Phnom Kulen, Our Very Best Angkor Wat Side Trip
Phnom Kulen, "the River of 1000 Lingas," and Banteay Srei. A pristine rainforest high above the plains of Angkor holds a world of mysteries: an ancient shipwreck now marooned on a plateau, a river bed of living stone carved with sacred Hindu images, and a reclining Buddha that has slowly risen high above the jungle over the centuries. Purple Dragon has pioneered this full day trip to places few outsiders have ever seen as an exclusive added option for customers taking one of our Angkor Wat package vacations.
Depart early in the morning for Phnom Kulen, a nature preserve atop the only hill in sight, high above the most distant of Angkor's temple treasures.
We drive deep into the countryside for an intimate look at rural life in Cambodia. Your four-wheel-drive vehicle begins a climb into the rainforest on a distant plateau. Like Angkor below, everything here is in immense proportions. The road cuts through gigantic boulders of the same pink stone which was used to build the magnificent Banteay Srei (see below).
Continue your adventure on foot, following a narrow jungle path to a log bridge for your first glimpse of the River of 1000 Lingas, a powerful sacred site for Cambodians, even today. Close to two kilometers of the stone stream bed has been sculpted with hundreds of stone lingas (Hindu phallic carvings), a legacy of 9th century God-kings, and a reminder that this forest was an important spiritual center even before Angkor Wat.
Phnom Kulen and Banteay Srei make a side trip from Angkor Wat. Journey through beautiful rural countryside to see sacred water and an elaborate pink sandstone temple complex all in one unforgettable day!
Downstream, the carvings culminate at the edge of a magnificent sacred waterfall. If you visit on a weekend, the place will be filled with Cambodians who come for picnics and ritual baths in the river, often taking some of its holy water home with them. This is still a holy place for Cambodians.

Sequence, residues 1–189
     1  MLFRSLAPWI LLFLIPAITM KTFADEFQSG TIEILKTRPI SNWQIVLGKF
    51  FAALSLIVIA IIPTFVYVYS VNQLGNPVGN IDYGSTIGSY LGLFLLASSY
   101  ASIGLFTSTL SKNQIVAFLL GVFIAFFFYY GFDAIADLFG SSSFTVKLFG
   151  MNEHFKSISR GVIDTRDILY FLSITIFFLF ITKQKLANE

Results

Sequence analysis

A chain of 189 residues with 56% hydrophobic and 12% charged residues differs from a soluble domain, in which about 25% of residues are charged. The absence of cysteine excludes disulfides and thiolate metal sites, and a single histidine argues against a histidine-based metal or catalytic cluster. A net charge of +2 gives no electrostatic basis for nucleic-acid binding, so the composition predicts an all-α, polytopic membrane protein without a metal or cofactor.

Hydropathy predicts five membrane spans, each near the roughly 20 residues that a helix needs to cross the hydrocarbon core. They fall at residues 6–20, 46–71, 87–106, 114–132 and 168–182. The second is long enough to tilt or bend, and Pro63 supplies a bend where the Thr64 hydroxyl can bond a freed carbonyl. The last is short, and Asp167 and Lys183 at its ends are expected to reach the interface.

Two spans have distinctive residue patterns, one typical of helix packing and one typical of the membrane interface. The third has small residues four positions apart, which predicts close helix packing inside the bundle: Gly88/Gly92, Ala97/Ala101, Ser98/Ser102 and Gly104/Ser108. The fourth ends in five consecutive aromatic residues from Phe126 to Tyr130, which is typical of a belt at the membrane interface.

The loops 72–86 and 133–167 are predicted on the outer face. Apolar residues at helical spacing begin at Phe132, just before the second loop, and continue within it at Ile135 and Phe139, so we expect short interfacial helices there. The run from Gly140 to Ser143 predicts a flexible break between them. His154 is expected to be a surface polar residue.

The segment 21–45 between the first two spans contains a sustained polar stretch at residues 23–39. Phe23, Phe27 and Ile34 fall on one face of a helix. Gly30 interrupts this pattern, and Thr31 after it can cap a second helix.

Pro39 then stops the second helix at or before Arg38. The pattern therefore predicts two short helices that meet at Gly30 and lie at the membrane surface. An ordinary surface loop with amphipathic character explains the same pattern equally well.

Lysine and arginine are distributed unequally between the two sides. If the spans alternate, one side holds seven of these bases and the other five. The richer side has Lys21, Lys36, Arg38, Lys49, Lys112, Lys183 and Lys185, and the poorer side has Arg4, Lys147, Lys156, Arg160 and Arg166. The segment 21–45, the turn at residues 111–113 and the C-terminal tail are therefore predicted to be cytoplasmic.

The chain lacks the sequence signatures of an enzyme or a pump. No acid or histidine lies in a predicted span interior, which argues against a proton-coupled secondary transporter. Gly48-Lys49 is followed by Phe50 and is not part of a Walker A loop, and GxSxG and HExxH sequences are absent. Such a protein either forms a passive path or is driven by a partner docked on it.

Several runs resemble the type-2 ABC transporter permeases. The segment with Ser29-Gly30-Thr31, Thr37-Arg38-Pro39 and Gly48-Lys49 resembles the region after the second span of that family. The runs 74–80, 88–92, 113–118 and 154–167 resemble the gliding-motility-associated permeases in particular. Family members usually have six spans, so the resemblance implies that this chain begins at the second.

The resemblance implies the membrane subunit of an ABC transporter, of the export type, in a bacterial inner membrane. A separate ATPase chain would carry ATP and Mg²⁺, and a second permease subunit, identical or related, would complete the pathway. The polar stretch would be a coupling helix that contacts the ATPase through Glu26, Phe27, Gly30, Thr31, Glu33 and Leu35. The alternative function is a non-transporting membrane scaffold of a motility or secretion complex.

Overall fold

A short distance away is Preah Ang Tho, a colorful shrine that attracts Buddhist pilgrims from throughout Cambodia. Long ago, a sleeping Buddha was carved here within a single, massive stone. Over the centuries, the sacred image has slowly risen above the eroding jungle floor so that it may now be viewed only by climbing a narrow ladder.
Adventurous travelers may opt to hire a motorbike with a local driver to delve deeper into the jungle. Remote wonders include the site of an ancient Chinese shipwreck (a reminder that Phnom Kulen was once an island), a hermit monk who guards giant carvings now partially obscured by wild orchids, or the magical waters of a stone basin that has not gone dry in a millennium. The forest is quite unspoiled and you will undoubtedly see wildlife of many kinds. Giant boulders along the stream are decorated with carvings of Vishnu, Shiva, Lakhsmi and Brahma. This trek into the wilderness is a very special experience that very few visitors even know about.
In the afternoon, visit Banteay Srei, the "Temple of Women," only recently opened to visitors. Rediscovered in 1914, this temple complex is the most distant from Angkor Wat and is unique in many respects. While most of Angkor's temples are of massive proportions, Banteay Srei is on a human scale. Its profuse and gloriously ornate architectural details, mythical beasts with human heads, are amazingly well preserved pink sandstone, with intricate carvings that are exceptionally detailed and intact.